Brendan McHugh is pursuing his doctoral degree in the American Studies Department at the University of Minnesota. His dissertation will use oral histories and field interviews to highlight the previously seldom discussed stories of people active in HIV/AIDS service organizations and other activist groups. To this end, he is writing a historical study of the Shanti Project, one of the oldest AIDS service organizations in the U.S. that provides emotional and practical peer support services. His other projects include work on the history of women living with HIV/AIDS, needle exchange programs, and issues of disability and aging in relation to HIV.
He tells me that “centering histories of larger events should be rooted in people's narratives and lived experiences.” His own experiences as a queer disabled activist trying to navigate the perils of life as a graduate student ultimately lead to a realization about the importance of self-advocacy for marginalized people living with disabilities or chronic illness.
As a graduate student Brendan’s health insurance is tied to his enrollment and teaching load. This health insurance, vitally important because of his disabilities and bipolar disorder, ironically would not be available if he were forced to take a leave of absence because of health issues. He draws a parallel to the fact that many of the queer scholars writing about HIV/AIDS are uninsured or have very limited health insurance benefits because of their jobs in academia.
Even when health care is available, it may not always be accessible. “Queer people and people of color know that even if you have access to health care it may not be the best most beneficial thing.” He recounts a story gathered during field work from a woman diagnosed with AIDS in the 1980s. Upon learning that she needed to be tested, she made an appointment with a prominent queer doctor who had dedicated his practice to treating HIV/AIDS. The doctor agreed to perform the test but told her it was ridiculous to test her since only gay men contracted the disease. She insisted on testing anyway only to find out she was indeed positive.
Brendan tells me that he has been forced to learn how to advocate for himself in obtaining his own health care whether through researching medication alternatives or taking steps to carve out routine and stability from the chaos of graduate school. Universities provide graduate students health care coverage knowing it has major gaps and that the university itself will be a major cause of stress for these students. As graduate students are inundated with the mandate to publish or perish, and constantly reminded of the competitiveness of the academic job market their mental health often suffers. With few institutional resources in place to address these concerns, self-advocacy is often the best and only option.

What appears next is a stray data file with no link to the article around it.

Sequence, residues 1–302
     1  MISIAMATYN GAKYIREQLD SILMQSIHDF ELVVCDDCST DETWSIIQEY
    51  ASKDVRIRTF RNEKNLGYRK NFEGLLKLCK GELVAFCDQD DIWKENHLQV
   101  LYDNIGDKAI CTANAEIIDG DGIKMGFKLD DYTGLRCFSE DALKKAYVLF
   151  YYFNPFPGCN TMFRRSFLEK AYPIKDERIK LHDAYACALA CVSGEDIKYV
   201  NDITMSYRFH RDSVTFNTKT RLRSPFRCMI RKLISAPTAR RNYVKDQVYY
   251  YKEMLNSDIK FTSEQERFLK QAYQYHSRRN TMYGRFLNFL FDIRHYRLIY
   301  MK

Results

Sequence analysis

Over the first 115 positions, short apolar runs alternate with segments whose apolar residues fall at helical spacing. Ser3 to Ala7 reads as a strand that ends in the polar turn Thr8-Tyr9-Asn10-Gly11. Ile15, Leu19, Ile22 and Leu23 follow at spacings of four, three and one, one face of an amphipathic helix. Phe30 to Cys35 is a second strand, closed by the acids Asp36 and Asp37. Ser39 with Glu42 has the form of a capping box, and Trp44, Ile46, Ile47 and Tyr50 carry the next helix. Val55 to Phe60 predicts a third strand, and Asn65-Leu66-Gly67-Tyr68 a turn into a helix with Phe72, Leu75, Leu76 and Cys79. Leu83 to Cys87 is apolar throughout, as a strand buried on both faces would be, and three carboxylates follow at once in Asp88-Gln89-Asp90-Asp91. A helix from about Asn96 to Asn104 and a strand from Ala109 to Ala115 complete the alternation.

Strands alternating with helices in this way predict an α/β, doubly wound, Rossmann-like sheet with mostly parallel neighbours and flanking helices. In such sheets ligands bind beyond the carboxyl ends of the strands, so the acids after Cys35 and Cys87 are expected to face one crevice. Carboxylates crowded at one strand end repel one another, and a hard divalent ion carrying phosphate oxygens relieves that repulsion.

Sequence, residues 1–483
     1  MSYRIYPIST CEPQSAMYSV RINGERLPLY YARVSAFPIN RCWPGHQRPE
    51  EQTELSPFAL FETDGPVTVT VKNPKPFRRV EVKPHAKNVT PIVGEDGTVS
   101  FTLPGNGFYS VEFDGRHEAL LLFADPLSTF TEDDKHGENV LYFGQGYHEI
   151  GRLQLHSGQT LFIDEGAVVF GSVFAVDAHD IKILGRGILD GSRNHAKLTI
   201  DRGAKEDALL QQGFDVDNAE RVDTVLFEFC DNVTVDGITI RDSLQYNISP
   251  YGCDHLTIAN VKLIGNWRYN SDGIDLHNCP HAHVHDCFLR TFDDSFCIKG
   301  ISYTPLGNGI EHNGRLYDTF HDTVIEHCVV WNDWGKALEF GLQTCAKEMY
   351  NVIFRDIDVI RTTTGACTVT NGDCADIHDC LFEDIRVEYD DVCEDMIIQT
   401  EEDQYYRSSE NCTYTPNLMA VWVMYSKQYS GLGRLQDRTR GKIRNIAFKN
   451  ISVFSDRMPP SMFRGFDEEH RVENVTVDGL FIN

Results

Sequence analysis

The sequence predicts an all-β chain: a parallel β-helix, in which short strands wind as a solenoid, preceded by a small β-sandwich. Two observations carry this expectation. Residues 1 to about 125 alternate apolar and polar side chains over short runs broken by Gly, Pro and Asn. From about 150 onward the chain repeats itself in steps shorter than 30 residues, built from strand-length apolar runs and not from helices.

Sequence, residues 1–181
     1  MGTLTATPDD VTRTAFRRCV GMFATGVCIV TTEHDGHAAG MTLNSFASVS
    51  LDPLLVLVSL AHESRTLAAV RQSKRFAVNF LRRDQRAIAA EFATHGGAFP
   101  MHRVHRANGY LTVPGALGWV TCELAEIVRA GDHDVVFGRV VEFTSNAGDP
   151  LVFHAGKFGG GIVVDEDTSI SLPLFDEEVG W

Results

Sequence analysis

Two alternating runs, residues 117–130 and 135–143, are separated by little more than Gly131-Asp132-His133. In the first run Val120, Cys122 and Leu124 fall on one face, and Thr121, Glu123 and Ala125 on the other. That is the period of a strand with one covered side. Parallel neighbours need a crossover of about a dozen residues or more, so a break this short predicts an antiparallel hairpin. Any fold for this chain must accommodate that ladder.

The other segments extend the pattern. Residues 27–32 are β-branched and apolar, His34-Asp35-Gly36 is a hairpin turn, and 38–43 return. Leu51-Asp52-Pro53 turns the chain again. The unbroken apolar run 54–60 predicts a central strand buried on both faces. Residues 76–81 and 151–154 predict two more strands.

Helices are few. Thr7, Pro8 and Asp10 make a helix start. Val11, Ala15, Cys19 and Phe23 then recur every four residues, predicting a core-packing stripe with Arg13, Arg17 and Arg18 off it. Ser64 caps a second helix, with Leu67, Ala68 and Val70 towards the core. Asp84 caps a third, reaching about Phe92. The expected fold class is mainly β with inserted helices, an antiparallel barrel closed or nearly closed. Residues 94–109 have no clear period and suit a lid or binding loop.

It was through the process of interviewing long term survivors of HIV/AIDS that he encountered “queer elders” who not only helped teach him the importance of self-advocacy but put his own struggles into perspective.
Although he acknowledges that life as a graduate student is a far cry from the lives of early HIV/AIDS patients, facing the rigors of intense courses of study, dissertation defense, and the uncertainties of a super-saturated job market for tenure track positions his work has taught him the value of quality health care for those living with disability and chronic conditions, as well as the constant struggle to advocate for yourself.
For more of Brendan’s work on the intersection of disability history, the history of medicine, and gender and sexuality studies visit http://disabilityintersections.com/author/brendanmchugh/ and https://apps.cla.umn.edu/directory/profiles/mchug103. You can follow him on Twitter at https://twitter.com/brendanexplain1.